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DeKalb County, Residents in 'Abusive Relationship'

The writer says a bill introduced by state Rep. Mary Margaret Oliver "locks the doors on those neighborhoods ready to take the initiative of trying to find their way out of the abuse."

By Virginia DuPre

Within the professional circles that work with domestic violence, the definition of emotional abuse includes: making the abused feel crazy, playing mind games on the abused, controlling what the abused does--who they talk to/limiting involvement and access to others, making light of the abuse, not taking the concerns about the abuse seriously, saying the abuse is not happening, shifting responsibility from the abuser to the abused--blaming the abused for the wrongdoing.

DeKalb County is guilty of all of the above in its actions toward its citizens. House Bill 22 introduced by Rep. Mary Margaret Oliver of Druid Hills illustrates and exacerbates the problem because it only locks the doors on those neighborhoods ready to take the initiative of trying to find their way out of the abuse.

In an abusive relationship, it takes a lot of courage, effort, and persistence to leave an abuser. Leaving takes a plan and it takes supporters from outside the family system who are willing to help provide safety for the victims and a way for them to get on their feet and support themselves. Very well intentioned people who want the best for the abused say, “stay...work it out...itʼs better for the family and the children to stay together.”

DeKalb residents need a pathway to get out from under their abusive county govt. Representative Oliverʼs bill does just the opposite. House Bill 22 locks the door on Dekalb residents who, after years of trying to make it work, now dare to take the risk and make the investment in trying to leave the county by incorporating themselves as a city.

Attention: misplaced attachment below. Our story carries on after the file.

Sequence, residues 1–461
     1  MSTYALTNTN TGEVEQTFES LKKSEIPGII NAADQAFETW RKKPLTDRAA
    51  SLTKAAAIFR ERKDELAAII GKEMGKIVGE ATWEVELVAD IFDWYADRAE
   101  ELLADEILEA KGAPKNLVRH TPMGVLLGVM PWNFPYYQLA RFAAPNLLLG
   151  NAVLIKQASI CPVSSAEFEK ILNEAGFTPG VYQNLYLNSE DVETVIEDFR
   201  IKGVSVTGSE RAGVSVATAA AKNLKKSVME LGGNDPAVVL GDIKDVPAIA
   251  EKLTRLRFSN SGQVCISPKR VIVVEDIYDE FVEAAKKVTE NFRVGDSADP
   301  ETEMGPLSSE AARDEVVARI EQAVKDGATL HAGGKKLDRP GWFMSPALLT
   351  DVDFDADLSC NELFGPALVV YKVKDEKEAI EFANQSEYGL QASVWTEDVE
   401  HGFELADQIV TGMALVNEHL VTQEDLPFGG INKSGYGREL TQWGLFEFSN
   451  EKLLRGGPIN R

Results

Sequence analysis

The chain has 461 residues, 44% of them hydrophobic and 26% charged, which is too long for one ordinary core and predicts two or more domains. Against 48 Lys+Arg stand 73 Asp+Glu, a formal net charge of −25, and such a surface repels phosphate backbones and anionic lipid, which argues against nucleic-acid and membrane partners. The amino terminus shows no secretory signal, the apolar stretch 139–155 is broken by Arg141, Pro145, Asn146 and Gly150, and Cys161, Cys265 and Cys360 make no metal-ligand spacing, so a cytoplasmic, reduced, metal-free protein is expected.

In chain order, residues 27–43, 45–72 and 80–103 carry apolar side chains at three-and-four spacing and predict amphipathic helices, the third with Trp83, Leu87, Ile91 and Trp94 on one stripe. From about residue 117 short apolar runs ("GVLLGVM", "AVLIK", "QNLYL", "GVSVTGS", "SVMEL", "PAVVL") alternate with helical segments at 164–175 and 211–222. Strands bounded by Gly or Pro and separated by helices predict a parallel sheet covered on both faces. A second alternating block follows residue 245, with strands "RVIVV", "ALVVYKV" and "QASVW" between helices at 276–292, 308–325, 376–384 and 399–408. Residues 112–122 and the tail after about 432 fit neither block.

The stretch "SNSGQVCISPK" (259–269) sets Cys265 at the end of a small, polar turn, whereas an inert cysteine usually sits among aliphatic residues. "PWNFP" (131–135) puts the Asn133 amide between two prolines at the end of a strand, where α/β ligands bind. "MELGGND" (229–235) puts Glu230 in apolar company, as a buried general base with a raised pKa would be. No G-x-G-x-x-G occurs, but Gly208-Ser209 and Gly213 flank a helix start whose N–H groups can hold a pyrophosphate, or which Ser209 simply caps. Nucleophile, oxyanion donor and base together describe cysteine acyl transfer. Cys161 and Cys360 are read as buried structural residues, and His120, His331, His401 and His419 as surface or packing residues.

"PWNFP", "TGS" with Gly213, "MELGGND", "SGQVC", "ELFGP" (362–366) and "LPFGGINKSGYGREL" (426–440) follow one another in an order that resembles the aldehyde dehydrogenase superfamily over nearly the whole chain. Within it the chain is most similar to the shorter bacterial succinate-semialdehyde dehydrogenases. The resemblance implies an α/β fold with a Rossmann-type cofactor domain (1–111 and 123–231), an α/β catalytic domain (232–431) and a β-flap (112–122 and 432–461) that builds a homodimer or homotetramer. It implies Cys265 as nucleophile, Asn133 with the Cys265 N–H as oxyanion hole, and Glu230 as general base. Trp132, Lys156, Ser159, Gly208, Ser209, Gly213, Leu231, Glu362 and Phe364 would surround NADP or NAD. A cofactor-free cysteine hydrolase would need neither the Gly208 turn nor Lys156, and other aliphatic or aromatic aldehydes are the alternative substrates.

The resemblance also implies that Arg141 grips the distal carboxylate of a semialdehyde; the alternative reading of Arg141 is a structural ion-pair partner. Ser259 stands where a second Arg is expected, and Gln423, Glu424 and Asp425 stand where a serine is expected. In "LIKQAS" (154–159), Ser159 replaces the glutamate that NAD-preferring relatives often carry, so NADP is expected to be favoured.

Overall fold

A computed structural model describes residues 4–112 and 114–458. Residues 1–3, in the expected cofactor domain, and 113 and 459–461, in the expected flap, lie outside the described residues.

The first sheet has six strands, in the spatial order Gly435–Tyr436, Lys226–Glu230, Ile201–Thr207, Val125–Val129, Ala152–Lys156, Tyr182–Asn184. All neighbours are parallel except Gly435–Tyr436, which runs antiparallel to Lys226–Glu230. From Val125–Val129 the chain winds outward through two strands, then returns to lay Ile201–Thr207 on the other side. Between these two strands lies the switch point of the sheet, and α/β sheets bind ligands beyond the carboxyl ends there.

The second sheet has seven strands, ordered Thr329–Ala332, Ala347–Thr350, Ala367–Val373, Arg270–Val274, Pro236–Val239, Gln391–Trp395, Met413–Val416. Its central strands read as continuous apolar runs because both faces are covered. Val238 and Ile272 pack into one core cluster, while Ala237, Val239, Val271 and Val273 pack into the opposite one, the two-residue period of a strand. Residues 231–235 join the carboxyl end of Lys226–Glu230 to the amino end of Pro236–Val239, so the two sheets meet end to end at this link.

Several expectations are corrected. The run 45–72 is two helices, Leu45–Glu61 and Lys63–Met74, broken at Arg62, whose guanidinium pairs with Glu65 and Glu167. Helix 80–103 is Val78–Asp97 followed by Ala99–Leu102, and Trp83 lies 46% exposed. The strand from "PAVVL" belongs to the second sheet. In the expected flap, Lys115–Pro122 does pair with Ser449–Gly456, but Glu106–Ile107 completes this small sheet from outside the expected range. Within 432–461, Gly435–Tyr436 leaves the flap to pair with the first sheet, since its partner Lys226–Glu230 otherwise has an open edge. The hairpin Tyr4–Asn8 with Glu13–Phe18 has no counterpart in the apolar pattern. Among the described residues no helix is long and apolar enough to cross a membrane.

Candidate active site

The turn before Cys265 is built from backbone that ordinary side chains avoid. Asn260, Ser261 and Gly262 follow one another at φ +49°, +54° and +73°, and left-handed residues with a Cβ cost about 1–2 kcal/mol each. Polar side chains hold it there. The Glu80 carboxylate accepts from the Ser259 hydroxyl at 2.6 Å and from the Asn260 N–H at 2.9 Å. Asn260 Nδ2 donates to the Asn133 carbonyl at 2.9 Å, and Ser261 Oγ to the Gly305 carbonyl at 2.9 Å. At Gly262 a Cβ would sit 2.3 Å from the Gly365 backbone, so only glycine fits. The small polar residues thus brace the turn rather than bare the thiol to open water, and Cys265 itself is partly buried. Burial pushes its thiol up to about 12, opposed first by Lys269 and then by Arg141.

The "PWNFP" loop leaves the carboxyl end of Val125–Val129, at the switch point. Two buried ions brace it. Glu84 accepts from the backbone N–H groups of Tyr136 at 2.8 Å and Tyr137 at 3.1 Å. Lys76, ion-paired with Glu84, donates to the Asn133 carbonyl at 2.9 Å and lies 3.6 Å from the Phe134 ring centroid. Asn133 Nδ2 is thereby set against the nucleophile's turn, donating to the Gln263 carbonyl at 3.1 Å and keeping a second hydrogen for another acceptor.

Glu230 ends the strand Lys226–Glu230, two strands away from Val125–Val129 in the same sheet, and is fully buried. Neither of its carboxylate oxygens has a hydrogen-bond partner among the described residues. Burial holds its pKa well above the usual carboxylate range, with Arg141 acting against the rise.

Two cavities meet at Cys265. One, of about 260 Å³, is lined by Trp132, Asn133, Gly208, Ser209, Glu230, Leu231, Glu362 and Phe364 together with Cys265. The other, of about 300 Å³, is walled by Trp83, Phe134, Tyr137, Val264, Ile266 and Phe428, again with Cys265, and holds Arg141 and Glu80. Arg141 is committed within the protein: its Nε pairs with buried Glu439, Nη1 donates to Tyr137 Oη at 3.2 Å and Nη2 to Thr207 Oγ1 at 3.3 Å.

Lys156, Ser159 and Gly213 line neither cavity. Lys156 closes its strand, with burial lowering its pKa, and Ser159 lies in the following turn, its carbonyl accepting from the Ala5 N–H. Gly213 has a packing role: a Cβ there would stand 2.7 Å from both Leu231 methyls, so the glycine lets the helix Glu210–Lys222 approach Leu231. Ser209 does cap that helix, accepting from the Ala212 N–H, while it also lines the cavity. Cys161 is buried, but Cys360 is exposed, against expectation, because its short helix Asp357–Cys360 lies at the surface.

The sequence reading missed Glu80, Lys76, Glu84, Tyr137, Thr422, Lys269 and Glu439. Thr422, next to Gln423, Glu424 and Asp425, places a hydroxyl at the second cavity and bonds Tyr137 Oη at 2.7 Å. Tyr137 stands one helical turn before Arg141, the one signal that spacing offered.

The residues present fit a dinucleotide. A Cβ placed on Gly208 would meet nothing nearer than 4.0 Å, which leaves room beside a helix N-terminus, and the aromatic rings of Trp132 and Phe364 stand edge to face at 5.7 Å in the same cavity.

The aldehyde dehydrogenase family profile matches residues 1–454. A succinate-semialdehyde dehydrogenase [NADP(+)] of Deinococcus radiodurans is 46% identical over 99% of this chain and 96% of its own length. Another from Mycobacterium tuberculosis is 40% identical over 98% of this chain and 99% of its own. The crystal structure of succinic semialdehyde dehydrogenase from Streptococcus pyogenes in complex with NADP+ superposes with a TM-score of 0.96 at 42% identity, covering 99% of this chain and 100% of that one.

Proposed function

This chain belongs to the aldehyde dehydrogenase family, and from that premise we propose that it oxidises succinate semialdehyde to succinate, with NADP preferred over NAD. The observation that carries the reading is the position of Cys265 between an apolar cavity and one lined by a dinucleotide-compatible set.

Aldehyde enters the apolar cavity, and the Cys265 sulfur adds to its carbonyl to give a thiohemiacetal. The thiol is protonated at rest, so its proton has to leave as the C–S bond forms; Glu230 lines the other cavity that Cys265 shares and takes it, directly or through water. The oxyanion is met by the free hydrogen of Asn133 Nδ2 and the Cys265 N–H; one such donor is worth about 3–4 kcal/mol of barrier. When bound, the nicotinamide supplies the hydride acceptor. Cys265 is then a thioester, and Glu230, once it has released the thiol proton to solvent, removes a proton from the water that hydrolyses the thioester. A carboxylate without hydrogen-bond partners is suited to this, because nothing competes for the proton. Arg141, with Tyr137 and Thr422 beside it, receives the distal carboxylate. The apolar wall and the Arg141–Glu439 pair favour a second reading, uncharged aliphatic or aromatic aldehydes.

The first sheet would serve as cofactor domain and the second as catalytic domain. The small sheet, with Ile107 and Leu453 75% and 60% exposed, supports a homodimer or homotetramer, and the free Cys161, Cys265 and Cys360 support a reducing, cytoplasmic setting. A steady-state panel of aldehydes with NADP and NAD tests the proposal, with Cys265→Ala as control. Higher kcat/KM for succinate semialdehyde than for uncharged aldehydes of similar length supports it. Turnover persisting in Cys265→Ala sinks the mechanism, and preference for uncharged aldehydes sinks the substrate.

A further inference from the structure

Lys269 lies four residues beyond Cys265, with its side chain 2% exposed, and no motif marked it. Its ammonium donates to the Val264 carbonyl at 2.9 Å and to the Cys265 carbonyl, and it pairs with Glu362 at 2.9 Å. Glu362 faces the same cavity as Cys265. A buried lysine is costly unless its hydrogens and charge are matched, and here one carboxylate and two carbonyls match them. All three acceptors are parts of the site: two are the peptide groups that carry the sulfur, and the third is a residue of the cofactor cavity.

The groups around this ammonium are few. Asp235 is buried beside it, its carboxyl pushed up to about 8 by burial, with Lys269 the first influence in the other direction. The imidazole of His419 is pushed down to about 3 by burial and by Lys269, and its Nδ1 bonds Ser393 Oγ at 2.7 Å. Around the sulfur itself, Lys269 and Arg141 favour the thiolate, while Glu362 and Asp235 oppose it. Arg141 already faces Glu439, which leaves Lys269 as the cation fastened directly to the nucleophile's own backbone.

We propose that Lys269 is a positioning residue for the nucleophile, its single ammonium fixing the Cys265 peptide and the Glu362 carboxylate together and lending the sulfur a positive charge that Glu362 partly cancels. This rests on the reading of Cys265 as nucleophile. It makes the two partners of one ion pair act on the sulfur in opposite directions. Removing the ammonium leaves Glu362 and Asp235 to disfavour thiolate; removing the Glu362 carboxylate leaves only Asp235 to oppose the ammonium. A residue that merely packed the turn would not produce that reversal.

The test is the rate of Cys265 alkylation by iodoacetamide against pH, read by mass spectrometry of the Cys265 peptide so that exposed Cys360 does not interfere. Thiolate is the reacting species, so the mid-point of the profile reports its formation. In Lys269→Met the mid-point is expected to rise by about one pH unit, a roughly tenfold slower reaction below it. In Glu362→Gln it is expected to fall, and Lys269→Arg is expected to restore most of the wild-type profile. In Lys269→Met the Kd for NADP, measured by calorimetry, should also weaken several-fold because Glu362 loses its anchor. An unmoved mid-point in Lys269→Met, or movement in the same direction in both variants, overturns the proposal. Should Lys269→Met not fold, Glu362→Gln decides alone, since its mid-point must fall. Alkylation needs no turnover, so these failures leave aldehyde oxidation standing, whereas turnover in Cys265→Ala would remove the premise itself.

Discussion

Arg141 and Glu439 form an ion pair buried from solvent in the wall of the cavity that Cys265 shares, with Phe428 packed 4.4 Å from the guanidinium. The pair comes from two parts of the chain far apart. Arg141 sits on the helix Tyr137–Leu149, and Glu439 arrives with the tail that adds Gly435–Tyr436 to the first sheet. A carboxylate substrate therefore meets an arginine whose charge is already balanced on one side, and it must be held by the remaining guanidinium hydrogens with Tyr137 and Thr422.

Rather than addressing the problem of the abuser--DeKalbʼs dysfunctional government—this bill demands residents to stay and ʻwork it outʼ with their abuser. It locks the doors for a minimum of two years on any neighborhoods working on leaving the county by annexation or incorporation and it requires those who want to leave to get permission from the county before they leave. Getting permission from the abuser to leave is a very dangerous thing that can result in death in actual domestic violence situations.

The primary concern driving this bill, Iʼm sure, is concern about DeKalb County government losing tax dollars to the new cities. But this bill merely places protection around the corrupt govt and not behind the hard working, taxpaying citizens of DeKalb County. DeKalb governmentʼs loss of the tax dollars of the communities that want to leave is a consequence of its own misuse of power and the resulting lack of trust by her people. It is DeKalb Countyʼs elected officials problem to figure out, not the people who have been pummeled by this govt over and over again who want to organize and pay the cost of leaving the county.